Sunday, July 20, 2008


“One Small Step,” Thirty-Nine Years Ago

Thirty-nine years ago, on July 20, 1969, Apollo 11 Commander Neil Alden Armstrong and Lunar Module Pilot Edwin Eugene “Buzz” Aldrin, Jr., piloting the lunar module Eagle, were the first humans to land and walk on the surface of the moon. They set down in lunar maria known as the Sea of Tranquility. Orbiting above in the command module Columbia was the third member of the crew, Command Module Pilot Michael Collins, keeping busy with scientific projects and awaiting their return the following day.

This mission fulfilled President John F. Kennedy’s goal of reaching the moon by the end of the 1960s, which he expressed during his May 25, 1961 speech before a Joint Session of Congress:

“First, I believe that this nation should commit itself to achieving the goal, before this decade is out, of landing a man on the Moon and returning him safely to the Earth. No single space project in this period will be more impressive to mankind, or more important in the long-range exploration of space; and none will be so difficult or expensive to accomplish.”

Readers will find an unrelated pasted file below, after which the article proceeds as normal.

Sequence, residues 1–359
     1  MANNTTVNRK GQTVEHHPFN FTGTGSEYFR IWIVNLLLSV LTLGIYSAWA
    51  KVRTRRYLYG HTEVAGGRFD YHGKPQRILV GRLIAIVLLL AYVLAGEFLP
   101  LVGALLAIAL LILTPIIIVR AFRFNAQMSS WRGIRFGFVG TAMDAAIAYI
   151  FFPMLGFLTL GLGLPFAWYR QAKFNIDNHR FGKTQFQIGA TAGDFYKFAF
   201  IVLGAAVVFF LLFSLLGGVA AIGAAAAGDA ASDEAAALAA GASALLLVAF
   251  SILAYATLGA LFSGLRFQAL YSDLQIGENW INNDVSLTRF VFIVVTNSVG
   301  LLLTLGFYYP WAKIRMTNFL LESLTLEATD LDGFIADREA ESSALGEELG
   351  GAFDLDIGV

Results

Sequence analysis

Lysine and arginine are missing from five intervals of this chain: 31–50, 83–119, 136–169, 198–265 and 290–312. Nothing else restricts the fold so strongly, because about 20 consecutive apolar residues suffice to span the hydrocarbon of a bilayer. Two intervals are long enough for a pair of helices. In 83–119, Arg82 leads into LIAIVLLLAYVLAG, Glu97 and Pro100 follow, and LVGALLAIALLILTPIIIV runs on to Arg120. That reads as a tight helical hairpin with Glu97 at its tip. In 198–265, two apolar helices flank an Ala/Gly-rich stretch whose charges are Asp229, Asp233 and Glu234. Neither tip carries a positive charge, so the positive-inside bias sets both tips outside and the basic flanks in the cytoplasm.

President Kennedy underlined the importance of this program in his address on September 12, 1962 at Rice University on the Nation’s Space Effort:

“We choose to go to the moon in this decade and do the other things, not because they are easy, but because they are hard, because that goal will serve to organize and measure the best of our energies and skills, because that challenge is one that we are willing to accept, one we are unwilling to postpone, and one which we intend to win, and the others, too.”

For more on the Apollo Program and the Apollo 11 mission, check out these links:

The Apollo Program – National Air and Space Museum:

Human Space Flight – The Apollo 11 Mission:

Apollo 11 Imagery Gallery:

Fourth Dwarf Planet Named

You probably remember all of the controversy last year when the International Astronomical Union (IAU) voted on a new definition for solar system planets, and that as a result, Pluto was re-classified from a planet to a dwarf planet, one of three so designated at that time (Pluto, Eris and Ceres).